Monday, April 30, 2012

Ask the Vet: Hot Spots by Kristel Weaver, DVM, MPVM

Spring is here and summer is just around the corner.  Seasonal allergies are in full bloom!  Along with allergies comes itching, scratching, and chewing – which often leads to red, raw, inflamed skin. These irritated patches of skin are commonly called hot spots. Allergies are just one of the possible causes of hot spots.
What is a hot spot? 
A hot spot is a general term for an area of the skin that is infected, inflamed and itchy.  Common sites for hot spots are on the face, neck and around the tail base although they can occur anywhere on your dog’s body.
What causes a hot spot?
Hot spots result from excessive scratching and/or licking which creates a red oozy wound.  There are many reasons why dogs will scratch themselves raw.  Hot spots on the face are often secondary to an ear infection.   Hot spots at the tail base are usually from flea bites.   Other reasons to be itchy include allergies, a wound, bug bite, mites or a tumor.  Sometimes the reason a hot spot forms is a mystery.
How are hot spots treated?
Standard treatment for a hot spot is to shave the hair over it for better inspection and treatment.  Once shaved, the hot spot is cleaned with an antibacterial soap and rinsed well.  The infected area is often treated topically with a combination of an antibiotic and steroid cream.  Additional medications such as oral or injectable antibiotics or steroids may be prescribed.  And most important, an e-collar is used to prevent your dog from scratching or chewing the hot spot and causing further damage.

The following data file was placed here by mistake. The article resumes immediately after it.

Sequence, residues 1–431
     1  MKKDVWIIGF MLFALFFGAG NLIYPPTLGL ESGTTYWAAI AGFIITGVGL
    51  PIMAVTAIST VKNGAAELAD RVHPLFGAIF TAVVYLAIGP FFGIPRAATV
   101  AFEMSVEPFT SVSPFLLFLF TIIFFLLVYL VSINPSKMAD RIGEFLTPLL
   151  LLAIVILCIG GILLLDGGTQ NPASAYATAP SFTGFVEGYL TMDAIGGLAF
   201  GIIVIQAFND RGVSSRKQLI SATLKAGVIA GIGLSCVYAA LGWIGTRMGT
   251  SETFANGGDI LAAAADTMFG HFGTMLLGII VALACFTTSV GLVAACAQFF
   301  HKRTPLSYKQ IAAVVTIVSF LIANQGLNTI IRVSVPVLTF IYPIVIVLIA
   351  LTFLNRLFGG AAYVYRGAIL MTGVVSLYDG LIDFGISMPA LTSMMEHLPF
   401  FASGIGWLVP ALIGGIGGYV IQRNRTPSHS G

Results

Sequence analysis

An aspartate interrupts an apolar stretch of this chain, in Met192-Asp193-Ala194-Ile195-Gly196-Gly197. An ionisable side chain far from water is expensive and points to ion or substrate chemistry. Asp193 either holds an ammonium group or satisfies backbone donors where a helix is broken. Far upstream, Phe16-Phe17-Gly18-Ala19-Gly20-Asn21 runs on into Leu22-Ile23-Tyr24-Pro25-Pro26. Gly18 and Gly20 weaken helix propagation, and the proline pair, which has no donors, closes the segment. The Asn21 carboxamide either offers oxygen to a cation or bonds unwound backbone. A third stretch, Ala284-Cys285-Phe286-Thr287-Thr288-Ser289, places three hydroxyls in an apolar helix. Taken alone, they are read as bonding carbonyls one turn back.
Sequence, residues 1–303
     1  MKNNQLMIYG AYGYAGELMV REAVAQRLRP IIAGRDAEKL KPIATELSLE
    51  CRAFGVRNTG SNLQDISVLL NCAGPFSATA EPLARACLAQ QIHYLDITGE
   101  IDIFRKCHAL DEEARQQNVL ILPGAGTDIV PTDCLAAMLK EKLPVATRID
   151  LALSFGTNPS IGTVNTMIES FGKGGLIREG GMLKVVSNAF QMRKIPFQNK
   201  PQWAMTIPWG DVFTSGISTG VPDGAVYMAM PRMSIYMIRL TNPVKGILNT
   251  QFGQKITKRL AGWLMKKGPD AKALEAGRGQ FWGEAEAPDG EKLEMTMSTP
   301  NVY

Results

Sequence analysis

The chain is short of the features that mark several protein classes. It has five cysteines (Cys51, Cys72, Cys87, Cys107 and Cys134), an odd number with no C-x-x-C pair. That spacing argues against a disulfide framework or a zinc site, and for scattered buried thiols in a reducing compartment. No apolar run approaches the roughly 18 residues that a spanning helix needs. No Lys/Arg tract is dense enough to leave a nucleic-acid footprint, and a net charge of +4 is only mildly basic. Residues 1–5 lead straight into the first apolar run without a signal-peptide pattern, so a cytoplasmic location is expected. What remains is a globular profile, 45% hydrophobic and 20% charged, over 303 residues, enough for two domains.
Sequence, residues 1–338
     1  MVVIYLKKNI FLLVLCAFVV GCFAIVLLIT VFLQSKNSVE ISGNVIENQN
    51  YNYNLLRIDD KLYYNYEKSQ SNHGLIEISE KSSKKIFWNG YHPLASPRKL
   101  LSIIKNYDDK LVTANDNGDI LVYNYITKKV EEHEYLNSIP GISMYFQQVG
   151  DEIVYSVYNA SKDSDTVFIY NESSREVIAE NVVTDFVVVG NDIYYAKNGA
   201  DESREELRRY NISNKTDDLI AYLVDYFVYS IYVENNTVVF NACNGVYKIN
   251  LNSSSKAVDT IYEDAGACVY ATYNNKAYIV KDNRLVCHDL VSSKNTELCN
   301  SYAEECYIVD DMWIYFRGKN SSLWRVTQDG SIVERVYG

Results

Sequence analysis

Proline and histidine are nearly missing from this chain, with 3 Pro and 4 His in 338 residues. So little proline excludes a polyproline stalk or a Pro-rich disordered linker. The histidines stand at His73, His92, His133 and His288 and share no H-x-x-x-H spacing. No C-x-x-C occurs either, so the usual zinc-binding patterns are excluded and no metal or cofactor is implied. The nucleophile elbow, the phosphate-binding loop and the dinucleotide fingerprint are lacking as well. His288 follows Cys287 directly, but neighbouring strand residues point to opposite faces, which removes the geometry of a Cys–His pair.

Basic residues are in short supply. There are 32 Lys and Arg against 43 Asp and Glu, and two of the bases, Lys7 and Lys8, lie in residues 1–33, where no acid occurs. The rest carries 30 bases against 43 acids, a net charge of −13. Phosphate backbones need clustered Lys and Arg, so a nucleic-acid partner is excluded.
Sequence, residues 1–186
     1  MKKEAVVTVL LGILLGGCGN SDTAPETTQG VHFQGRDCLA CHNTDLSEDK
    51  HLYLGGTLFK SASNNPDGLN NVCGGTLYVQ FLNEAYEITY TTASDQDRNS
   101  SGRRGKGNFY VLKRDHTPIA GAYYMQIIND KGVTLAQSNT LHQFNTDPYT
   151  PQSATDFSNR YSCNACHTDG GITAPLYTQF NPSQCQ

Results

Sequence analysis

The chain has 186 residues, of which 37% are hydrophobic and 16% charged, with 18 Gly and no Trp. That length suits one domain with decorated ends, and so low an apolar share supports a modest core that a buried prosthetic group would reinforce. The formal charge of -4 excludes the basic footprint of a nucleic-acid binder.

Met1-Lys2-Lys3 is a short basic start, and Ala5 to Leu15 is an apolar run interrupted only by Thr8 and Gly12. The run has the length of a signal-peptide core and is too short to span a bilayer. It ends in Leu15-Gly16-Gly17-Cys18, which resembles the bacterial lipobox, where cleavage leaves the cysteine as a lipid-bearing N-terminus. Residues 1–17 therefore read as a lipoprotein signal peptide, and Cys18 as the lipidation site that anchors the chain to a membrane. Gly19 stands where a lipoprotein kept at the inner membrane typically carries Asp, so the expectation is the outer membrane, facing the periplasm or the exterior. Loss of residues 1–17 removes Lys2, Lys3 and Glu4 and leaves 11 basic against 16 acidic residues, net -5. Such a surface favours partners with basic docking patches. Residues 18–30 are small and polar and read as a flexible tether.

If an underlying reason for the hot spot is determined, it will also need to be addressed.  For example applying flea control or treating an ear infection might be part of the treatment plan.
Can I treat my dog’s hot spot at home?
Honestly, yes, you can treat mild hot spots at home following the treatment plan outlined above.   The problem with home treatment is that the underlying problem might be missed or the hot spot might get out of control (which happens fast!).  For optimum treatment I recommend you have your dog checked out by a veterinarian.

Dr. Kristel Weaver is a graduate of the Veterinary School at the University of California, Davis where she received both a DVM and a Master’s of Preventative Veterinary Medicine (MPVM).  She has been at Bishop Ranch Veterinary Center & Urgent Care in San Ramon since 2007.  She currently lives in Oakland with her husband and their daughter, Hayley. If you have questions you would like Dr. Weaver to answer for future articles, please email

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